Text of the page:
Different strategies have been undertaken to explore glycoengineering as a means to improve delivery of ERTs, including use of exoglycosidases for postproduction enzyme modification14, as well as the use of engineered yeast15 and plant production platforms16,17. Pioneering work originally demonstrated how glycosidase trimming of N-glycans on β-glucoscerebrosidase (GBA) resulted in efficient targeting to macrophages through the MR and provided a successful therapy for non-neuropathic Gaucher disease18. The first recombinant GBA with Man-terminated (high-Man) N-glycans was produced in CHO cells followed by postproduction exoglycosidase treatment19, and similar GBA products are produced in human cells by use of mannosidase I inhibitor (kifunensine)20 or in carrot cells21. Most strategies for glycoengineering of lysosomal enzymes have sought to improve targeting by MPRs and MRs by increasing the content of M6P or exposed Man residues15,22,23,24. However, these glycoforms will cause rapid and efficient uptake by especially the liver and spleen, while targeting to other organs may be limited4. Early studies demonstrated that increased content of sialic acid (SA) on lysosomal enzymes isolated from plasma improves their circulation time similar to other types of therapeutic glycoproteins25, but further studies were hampered by lack of methods to produce these recombinantly. Oxidative degradation and reduction of glycans on enzymes has provided therapeutic efficacy with extended circulation time and wider biodistribution26; however, this partly inactivates the enzyme and may not be suitable for clinical production27,28.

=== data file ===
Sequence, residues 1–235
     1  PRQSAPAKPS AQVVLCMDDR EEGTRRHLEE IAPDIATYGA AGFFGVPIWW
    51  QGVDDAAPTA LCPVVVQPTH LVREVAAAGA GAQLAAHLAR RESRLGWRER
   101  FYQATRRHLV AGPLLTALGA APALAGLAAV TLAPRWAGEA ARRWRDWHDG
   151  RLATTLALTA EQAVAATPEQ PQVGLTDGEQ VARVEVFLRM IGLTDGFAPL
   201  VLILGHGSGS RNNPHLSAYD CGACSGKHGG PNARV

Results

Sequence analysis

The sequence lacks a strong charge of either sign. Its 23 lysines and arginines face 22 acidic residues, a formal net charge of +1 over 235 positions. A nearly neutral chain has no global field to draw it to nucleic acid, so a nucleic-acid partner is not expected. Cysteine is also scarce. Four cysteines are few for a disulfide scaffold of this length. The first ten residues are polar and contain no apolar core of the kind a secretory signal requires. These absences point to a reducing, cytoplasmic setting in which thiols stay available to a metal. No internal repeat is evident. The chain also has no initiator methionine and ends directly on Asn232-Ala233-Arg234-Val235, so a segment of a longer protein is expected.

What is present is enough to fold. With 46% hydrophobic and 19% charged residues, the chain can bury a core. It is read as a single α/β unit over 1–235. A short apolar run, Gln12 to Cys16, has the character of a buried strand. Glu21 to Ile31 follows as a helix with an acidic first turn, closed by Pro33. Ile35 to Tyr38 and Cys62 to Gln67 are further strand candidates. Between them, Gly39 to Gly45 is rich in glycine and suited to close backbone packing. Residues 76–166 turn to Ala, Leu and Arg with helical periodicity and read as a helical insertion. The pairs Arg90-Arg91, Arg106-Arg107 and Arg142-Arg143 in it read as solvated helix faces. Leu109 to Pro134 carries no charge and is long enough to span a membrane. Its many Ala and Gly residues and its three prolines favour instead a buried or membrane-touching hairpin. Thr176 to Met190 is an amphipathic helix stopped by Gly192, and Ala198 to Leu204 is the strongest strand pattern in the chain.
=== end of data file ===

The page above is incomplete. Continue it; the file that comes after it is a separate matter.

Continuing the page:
Most ERTs are produced in CHO cells, and with the advent of efficient precise gene editing tools, it is now possible to introduce extensive engineering designs to optimize the glycosylation capacity of CHO cells29. Here, we present a comprehensive screen of engineering options for lysosomal enzymes in CHO cells, and we provide a panel of glycoengineered CHO cell lines with different capacities for producing lysosomal enzymes furnished with all the key glycan features known to affect cellular uptake and circulation time. The genetic design matrix developed makes it possible to investigate ERTs with a diverse array of glycoforms. We used the α-galactosidase A (GLA) as a representative ERT in a mouse model of Fabry disease, and demonstrate how distinct glycoforms of GLA are differentially targeted to liver, spleen, kidney, and heart, and present evidence that GLA glycoforms capped with α2-3-linked SA (α2-3SA), but surprisingly not α2-6SA, exhibit improved circulation and biodistribution. Thus, in contrast to the current dogma, α2-3SA-capped glycoforms of lysosomal enzymes may represent a strategy to overcome the most critical problems of rapid clearance in liver and poor biodistribution found with current ERTs.


Glycoengineering of lysosomal enzymes produced in CHO cells